In our first approach of analysis, we applied popular classification algorithms to investigate whether a user-follower’s connections to NOIs could be used to predict its connection to other NOIs. The basic idea of our approach is summed up in the saying “Show me your friends so I can tell you who you are” or, in its most appropriate version for our case, “Show me who you follow so I can predict who else you follow”. The results of our experiments confirmed our hypothesis of the existence of useful information. Indicatively, Figure 2 shows the correlation factors of the results obtained from experiments that predict connections between users and parties. A more detailed description of the experiments and presentation of the results can be found in the relevant publication (Briola, Drosatos, Stamatelatos, Gyftopoulos, & Efraimidis, 2018).

Figure 2: Graph of the correlation coefficients regarding the political party (left) and the politicians (right) followed by a user. Data from Twitter on Greek political and news media scene in April 2018.

A second analysis approach of the dataset involved its representation in terms of graphs. The relations between the NOIs and their followers were considered as edges of a bipartite graph with two subsets of nodes, the first containing the NOIs and the second their followers. By applying projections to the subset of NOIs and using a wide range of weighting functions, we created complete graphs containing only the nodes of interest, which allowed us to apply algorithms from other research fields and extract the correlation coefficients between these nodes. In particular, by applying clustering algorithms, we formed groups of nodes for the elected members and juxtaposed the results with the Parliamentary Groups to which they belong. Figure 3 shows the result of the clustering algorithm where the number of each node corresponds to the Parliamentary Group to which it belongs while its color indicates the group to which it was classified by the algorithm.

Figure 3: Results of the clustering algorithm. Data from Twitter on Greek political and news media scene in April 2018.

Besides the clustering algorithm approach, we applied an estimation technique of the minimum linear arrangement problem in order to place the nodes of the members in the one-dimensional space. Our motivation for this approach was to compare the result with the left – right political axis and to deduce a possible correlation between them. Figure 4 shows the result of our approach in comparison to the optimal placement of Parliamentary Groups regarding our result. A more detailed presentation of the experiments and the results can be found in the relevant publication (Stamatelatos, Gyftopoulos, Drosatos, & Efraimidis, 2018).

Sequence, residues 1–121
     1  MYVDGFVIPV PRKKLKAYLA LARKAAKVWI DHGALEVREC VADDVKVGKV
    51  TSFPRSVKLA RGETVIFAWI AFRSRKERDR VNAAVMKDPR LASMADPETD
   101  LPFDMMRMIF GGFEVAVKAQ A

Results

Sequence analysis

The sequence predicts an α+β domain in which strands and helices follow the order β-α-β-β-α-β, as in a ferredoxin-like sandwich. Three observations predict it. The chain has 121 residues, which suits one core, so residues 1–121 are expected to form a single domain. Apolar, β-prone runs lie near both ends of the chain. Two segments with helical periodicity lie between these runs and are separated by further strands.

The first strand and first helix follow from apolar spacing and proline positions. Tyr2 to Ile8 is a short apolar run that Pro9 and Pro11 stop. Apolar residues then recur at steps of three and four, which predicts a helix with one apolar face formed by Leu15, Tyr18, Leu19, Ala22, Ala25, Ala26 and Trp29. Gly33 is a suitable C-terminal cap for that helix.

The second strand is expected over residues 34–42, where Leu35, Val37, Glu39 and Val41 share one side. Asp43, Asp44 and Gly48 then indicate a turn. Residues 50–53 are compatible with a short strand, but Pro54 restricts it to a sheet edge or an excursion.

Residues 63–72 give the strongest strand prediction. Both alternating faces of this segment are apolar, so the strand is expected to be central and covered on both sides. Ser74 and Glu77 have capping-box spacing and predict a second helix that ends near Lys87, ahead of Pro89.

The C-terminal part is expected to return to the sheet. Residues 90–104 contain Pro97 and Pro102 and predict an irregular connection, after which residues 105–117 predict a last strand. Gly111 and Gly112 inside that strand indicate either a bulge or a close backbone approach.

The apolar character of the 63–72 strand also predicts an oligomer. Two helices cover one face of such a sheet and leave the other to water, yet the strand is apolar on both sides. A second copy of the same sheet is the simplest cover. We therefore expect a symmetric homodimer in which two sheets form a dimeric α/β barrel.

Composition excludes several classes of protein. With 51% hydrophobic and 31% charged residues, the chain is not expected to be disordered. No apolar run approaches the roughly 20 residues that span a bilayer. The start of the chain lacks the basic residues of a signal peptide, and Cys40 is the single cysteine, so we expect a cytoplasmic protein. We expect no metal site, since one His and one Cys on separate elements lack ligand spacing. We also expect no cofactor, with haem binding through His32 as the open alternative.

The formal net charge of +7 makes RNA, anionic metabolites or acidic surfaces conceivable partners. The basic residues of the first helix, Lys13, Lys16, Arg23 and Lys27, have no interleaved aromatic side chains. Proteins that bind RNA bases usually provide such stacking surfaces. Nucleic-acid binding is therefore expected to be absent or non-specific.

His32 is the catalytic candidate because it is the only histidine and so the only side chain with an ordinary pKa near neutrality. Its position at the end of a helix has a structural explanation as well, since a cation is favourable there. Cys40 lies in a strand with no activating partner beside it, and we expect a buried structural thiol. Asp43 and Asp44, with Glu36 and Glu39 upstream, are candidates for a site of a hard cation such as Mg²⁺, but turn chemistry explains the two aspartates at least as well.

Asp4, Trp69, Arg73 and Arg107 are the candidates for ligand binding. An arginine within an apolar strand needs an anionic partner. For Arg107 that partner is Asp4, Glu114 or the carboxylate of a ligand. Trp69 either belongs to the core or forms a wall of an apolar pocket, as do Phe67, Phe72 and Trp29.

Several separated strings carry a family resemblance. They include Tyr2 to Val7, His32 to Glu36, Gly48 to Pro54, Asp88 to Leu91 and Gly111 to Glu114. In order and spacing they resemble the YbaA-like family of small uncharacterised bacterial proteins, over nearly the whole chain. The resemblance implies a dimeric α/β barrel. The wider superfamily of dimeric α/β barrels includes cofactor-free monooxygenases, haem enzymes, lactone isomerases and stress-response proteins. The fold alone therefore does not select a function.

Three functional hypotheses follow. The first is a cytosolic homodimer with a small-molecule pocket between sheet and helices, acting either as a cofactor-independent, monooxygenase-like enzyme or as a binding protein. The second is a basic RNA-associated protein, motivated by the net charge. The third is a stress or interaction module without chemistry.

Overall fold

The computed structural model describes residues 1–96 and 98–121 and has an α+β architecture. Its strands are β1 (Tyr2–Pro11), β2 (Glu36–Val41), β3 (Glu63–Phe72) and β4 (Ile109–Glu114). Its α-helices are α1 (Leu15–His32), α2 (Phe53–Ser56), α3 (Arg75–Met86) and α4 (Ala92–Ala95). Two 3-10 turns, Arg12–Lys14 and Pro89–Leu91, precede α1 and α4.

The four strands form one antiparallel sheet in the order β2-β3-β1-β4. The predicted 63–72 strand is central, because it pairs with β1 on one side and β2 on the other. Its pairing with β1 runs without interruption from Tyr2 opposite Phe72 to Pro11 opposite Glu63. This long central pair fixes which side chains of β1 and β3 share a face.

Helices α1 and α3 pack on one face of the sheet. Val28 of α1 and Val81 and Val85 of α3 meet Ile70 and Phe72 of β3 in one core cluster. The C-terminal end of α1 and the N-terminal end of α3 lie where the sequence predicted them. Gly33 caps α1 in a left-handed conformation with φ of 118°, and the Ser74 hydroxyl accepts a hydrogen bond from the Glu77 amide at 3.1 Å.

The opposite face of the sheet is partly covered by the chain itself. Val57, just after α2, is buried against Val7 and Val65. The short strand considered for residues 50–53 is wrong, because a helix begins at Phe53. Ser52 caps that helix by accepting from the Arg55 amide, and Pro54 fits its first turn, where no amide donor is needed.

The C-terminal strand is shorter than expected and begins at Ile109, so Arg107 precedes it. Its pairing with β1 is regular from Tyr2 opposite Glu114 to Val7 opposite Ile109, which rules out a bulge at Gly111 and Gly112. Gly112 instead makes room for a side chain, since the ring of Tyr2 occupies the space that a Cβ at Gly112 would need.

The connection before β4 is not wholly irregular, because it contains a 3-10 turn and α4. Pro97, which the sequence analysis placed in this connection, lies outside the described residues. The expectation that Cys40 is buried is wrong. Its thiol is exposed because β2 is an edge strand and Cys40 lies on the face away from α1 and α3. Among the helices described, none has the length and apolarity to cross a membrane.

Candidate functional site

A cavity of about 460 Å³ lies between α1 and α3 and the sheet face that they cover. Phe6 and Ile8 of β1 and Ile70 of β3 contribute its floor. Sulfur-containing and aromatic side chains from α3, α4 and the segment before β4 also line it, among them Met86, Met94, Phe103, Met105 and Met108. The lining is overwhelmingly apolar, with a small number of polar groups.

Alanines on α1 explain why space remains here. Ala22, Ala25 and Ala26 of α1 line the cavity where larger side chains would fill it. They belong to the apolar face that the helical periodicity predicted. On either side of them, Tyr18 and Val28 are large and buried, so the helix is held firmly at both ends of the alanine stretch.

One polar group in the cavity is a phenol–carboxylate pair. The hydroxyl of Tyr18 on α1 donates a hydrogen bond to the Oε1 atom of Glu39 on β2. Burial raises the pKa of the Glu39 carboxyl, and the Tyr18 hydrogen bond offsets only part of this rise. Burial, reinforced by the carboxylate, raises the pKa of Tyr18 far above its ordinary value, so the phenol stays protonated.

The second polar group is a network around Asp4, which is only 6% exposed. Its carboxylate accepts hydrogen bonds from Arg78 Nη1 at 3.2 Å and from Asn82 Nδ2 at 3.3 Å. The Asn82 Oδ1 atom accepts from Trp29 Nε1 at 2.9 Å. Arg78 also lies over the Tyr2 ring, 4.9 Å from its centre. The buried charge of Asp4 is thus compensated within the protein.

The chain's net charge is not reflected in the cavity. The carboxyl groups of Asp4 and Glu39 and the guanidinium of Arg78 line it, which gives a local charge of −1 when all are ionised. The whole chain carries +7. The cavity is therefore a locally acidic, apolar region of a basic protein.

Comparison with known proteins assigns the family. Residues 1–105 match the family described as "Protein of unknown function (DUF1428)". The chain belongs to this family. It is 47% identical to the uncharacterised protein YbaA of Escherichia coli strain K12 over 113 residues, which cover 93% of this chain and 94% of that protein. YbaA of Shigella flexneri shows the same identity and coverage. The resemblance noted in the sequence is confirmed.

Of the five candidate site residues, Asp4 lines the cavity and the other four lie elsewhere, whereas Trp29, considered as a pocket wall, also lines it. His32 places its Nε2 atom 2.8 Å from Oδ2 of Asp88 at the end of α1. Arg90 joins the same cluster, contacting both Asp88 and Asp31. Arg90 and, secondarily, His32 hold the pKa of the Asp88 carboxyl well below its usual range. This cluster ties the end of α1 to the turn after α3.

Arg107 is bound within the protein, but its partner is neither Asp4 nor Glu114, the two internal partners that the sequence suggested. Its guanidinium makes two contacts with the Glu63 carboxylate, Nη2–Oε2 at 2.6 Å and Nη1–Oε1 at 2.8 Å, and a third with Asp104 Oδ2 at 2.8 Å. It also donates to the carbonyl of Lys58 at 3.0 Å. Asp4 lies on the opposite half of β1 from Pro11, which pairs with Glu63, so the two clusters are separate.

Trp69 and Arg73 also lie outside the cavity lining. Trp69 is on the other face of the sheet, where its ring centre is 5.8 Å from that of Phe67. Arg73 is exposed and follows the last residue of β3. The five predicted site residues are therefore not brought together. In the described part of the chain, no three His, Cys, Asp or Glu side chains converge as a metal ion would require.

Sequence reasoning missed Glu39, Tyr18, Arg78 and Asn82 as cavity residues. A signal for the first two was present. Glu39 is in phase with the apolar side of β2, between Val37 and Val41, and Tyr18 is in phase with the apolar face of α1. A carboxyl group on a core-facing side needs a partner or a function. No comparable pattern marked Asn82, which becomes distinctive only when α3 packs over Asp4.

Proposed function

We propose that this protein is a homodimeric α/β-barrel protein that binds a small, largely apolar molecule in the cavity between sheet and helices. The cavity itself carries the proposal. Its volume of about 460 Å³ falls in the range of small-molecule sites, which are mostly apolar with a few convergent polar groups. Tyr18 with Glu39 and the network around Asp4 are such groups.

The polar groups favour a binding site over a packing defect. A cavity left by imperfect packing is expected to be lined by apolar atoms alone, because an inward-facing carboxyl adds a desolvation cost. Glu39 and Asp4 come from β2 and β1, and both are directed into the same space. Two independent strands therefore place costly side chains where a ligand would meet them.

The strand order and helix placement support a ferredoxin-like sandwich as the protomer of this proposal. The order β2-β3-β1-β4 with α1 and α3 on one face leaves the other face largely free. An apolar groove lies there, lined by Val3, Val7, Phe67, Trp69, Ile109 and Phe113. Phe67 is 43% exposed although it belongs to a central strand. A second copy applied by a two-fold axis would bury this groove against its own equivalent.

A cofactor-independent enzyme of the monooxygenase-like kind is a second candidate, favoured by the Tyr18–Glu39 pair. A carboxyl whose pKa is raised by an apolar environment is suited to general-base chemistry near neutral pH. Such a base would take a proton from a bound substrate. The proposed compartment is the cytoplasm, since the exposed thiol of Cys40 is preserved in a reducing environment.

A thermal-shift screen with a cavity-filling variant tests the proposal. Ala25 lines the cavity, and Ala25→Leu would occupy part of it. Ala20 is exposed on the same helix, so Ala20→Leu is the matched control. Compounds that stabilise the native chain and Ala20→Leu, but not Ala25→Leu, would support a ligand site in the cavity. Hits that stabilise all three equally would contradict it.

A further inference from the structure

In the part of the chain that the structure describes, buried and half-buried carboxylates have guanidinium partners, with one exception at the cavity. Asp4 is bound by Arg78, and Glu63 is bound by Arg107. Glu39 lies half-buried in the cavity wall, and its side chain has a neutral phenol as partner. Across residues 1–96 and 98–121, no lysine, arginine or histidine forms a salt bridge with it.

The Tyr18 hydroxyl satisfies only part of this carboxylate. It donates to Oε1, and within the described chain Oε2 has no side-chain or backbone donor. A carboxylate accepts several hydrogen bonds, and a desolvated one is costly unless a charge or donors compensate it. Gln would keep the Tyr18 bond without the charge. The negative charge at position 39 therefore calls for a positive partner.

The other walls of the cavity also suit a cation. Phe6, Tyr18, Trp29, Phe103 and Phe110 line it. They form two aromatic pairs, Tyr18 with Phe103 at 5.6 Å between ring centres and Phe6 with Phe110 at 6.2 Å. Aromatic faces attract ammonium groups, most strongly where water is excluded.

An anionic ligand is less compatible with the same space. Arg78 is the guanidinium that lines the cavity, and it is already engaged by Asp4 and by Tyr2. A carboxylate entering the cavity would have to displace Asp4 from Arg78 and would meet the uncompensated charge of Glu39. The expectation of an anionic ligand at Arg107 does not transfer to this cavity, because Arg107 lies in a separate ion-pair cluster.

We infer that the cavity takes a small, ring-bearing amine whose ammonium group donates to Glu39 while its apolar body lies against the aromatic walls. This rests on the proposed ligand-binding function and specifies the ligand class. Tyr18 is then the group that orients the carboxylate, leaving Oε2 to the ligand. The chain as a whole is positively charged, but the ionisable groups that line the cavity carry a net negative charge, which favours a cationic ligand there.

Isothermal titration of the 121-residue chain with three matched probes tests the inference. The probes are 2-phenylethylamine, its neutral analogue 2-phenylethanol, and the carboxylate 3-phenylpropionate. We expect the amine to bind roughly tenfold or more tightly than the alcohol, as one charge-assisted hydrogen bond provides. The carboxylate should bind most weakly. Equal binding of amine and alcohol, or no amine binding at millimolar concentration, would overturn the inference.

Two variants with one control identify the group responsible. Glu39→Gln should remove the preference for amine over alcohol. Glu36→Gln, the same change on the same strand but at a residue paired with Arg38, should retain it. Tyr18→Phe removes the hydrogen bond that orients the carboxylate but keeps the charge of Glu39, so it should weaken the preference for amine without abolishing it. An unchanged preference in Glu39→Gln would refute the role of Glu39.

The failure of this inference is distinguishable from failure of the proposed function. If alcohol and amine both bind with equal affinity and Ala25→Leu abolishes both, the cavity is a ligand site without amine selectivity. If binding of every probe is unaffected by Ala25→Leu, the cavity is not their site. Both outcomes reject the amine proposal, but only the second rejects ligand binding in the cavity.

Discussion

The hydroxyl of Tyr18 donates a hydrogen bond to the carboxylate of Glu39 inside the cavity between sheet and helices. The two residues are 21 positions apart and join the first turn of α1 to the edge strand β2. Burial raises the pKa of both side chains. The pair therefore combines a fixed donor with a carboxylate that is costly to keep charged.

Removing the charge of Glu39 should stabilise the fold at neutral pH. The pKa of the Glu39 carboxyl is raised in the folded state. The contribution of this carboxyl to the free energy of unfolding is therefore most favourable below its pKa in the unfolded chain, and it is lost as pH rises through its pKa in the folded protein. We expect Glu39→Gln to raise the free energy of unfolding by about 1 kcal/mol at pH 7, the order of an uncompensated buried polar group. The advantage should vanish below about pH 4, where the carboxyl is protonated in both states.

Figure 4: MP placement stripe (top) based on our estimation for solution of the minimum linear arrangement problem and Parliamentary Group placement stripe (bottom) similar to the result of our experiment. Data from Twitter on Greek political and news media scene in April 2018.

Motivated by the nature of our data, we utilized a popular model from the field of opinion dynamics in order to assess the influence factors of both MPs and the news media from the parliamentary parties. The DeGroot model has been applied to a variety of cases for the analysis of political data. In particular, the projections that emerged from our dataset were interpreted in terms of social networks where opinions are diffused amongst the nodes. Based on the DeGroot model with stubborn nodes, we were able to estimate the influence factors and analyze complex issues such as the political impartiality of the news media. Figure 1 shows the influence factors of the news sources by the parliamentary parties while Figure 5 depicts the ranking of the news media based on their degree of impartiality, as it was estimated by our technique. More detailed details are available in the relevant publications (Stamatelatos, Gyftopoulos, Drosatos, & Efraimidis, 2020; Gyftopoulos, Drosatos, Stamatelatos, & Efraimidis, 2020).

Figure 5: Ranking of the news media based on the responses from eight (8) political scientists (top) and ranking of the media based on the factors of influence that were estimated by the DeGroot analysis (bottom). Data from Twitter on Greek political and news media scene in April 2018.